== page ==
“What we’re talking about here is not just our tendency to lurch and stumble and screw up by accident, our passive role as agents of entropy. It’s our active inclination to break stuff, ‘stuff’ here including moods, promises, relationships we care about, and our own well-being and other people’s.”

Reconciliation and forgiveness

This is exactly what we are seeing unveiled in the Ashley Madison situation. There are thousands, perhaps millions, of people who know they have utterly screwed up and feel angry, embarrassed and deeply ashamed. I bet they wish like anything that they could turn back the clock and not have got involved. There is little better examples of the HPtFtU in action.

It is this tendency within humanity which creates the source from which all suffering, selfishness and injustice in our world flows. This is what often causes children to cry themselves to sleep because their parents are no longer together. This is what causes the practical and emotional struggles of a single parent who does not have enough support. Whilst we should not look down on others, we need to be honest about this reality. The HPtFtU is our human condition.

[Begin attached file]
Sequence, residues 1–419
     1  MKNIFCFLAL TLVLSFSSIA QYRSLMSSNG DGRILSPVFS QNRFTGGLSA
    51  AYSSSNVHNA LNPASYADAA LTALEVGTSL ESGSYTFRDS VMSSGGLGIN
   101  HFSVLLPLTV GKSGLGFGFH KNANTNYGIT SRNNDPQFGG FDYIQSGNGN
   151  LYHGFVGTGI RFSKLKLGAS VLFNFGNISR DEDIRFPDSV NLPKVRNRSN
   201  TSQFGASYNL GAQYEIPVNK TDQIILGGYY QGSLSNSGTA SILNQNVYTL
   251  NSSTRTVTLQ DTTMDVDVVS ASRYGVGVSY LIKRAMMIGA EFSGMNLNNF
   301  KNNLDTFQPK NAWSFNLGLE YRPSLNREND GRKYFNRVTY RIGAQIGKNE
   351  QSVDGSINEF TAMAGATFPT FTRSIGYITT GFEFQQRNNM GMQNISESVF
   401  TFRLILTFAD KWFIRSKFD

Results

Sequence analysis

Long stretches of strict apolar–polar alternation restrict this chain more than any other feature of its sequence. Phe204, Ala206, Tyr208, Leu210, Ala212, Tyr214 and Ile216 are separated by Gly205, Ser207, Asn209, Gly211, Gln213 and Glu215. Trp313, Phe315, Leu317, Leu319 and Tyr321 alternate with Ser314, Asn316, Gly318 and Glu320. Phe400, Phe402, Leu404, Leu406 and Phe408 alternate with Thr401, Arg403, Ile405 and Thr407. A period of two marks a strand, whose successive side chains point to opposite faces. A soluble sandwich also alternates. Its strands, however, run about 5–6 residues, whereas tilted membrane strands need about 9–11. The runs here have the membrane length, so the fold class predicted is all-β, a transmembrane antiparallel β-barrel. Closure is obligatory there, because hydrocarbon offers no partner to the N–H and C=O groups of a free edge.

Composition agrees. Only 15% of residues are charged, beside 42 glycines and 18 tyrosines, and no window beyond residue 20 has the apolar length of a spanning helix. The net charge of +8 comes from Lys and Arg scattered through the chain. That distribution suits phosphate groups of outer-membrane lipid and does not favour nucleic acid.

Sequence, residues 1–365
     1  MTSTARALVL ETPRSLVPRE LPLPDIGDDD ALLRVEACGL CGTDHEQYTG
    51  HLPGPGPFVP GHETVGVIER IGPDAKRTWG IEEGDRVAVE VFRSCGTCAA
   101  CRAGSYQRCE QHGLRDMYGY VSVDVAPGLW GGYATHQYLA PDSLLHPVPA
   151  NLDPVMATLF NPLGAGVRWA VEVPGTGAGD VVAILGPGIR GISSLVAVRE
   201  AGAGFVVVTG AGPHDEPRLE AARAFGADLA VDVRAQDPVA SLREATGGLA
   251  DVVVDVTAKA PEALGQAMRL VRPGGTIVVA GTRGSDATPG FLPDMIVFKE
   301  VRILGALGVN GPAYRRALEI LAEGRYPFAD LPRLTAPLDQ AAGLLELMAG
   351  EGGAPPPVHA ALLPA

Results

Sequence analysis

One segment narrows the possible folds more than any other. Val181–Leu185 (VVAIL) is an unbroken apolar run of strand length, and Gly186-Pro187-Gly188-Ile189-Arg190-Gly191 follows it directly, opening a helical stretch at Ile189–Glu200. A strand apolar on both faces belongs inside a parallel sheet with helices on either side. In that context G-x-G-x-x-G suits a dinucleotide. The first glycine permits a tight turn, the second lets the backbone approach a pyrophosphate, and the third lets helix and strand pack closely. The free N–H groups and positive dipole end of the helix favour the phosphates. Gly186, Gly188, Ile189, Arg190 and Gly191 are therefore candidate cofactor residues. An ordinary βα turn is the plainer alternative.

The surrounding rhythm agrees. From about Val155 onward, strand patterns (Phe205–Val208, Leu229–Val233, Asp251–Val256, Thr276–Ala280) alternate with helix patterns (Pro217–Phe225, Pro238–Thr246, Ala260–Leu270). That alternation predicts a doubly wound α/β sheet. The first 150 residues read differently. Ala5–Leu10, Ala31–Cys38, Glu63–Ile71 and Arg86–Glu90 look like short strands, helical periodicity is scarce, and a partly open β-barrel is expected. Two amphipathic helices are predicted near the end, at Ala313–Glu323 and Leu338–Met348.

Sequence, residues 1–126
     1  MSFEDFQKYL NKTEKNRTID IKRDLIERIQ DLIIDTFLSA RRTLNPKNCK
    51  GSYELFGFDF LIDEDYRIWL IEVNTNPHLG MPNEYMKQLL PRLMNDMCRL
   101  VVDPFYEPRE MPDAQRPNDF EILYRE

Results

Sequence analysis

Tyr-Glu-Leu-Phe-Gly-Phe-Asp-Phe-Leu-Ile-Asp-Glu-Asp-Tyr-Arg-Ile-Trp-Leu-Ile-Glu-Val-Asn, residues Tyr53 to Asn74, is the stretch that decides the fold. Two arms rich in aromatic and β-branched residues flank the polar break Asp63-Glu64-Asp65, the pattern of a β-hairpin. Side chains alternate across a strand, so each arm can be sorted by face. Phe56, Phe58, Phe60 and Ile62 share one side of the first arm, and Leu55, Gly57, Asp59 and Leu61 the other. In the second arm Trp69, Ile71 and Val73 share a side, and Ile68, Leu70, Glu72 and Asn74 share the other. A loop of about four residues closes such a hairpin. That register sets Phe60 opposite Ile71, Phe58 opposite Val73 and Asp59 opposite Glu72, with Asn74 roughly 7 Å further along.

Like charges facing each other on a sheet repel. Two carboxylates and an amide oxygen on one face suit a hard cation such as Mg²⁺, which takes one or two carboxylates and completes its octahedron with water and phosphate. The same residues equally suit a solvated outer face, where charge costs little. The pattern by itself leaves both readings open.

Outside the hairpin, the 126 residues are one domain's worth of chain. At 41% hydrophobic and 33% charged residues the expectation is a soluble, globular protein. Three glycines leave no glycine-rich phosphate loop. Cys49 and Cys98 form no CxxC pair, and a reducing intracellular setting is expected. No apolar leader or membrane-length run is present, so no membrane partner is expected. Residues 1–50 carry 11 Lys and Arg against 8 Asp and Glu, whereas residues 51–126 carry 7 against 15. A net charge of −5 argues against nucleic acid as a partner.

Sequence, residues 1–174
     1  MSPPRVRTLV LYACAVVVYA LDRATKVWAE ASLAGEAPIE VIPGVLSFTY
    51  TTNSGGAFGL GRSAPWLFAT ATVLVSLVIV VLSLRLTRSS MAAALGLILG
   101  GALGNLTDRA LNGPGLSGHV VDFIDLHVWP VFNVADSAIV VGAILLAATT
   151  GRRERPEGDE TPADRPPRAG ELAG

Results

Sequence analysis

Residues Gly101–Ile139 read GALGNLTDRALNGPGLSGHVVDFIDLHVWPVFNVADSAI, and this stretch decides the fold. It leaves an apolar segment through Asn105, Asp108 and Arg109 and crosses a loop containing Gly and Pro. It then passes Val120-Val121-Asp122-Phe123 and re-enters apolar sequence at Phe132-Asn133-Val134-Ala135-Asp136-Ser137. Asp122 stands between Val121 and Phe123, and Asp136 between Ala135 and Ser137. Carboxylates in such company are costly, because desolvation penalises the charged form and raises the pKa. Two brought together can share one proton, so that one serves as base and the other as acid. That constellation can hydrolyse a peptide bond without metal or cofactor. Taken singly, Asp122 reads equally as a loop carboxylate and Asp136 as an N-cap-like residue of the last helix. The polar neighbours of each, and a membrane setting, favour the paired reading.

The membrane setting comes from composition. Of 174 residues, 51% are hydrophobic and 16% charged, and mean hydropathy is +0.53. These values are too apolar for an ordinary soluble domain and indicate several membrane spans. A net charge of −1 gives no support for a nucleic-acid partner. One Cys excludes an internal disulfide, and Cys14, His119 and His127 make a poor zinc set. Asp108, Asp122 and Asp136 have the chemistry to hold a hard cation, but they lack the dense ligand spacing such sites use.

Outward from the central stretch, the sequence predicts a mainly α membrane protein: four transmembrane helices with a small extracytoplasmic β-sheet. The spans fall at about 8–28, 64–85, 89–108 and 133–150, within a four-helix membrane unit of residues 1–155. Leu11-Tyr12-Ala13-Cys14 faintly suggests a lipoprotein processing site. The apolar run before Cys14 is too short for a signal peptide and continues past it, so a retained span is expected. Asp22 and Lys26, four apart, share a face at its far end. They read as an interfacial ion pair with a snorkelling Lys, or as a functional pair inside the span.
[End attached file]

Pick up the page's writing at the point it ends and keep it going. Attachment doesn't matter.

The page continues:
But this is not the end of story, the final word. For there is another, more powerful source from which forgiveness, reconciliation and healing love flows. The best thing we can do is point to God’s grace and help those who are broken find it for themselves.

By Jon Kuhrt

Jon Kuhrt works with people affected by homelessness, offending and addictions at the West London Mission. He, his wife and three children are part of Streatham Baptist Church and he is a member of the Christians on the Left. He likes football…but loves cricket.

A version of this article was first published on Jon Kuhrt’s blog Resistance & Renewal